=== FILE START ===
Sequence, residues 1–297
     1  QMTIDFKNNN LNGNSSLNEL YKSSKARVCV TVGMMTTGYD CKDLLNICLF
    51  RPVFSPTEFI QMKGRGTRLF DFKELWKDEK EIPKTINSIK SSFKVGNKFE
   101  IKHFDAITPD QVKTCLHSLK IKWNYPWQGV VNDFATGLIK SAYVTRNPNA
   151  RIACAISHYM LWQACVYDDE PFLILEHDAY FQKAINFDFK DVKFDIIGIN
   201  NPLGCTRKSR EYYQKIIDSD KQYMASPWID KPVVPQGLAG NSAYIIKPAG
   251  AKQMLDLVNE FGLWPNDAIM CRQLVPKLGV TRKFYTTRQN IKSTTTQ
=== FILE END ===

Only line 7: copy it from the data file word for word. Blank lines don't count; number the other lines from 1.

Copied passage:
   251  AKQMLDLVNE FGLWPNDAIM CRQLVPKLGV TRKFYTTRQN IKSTTTQ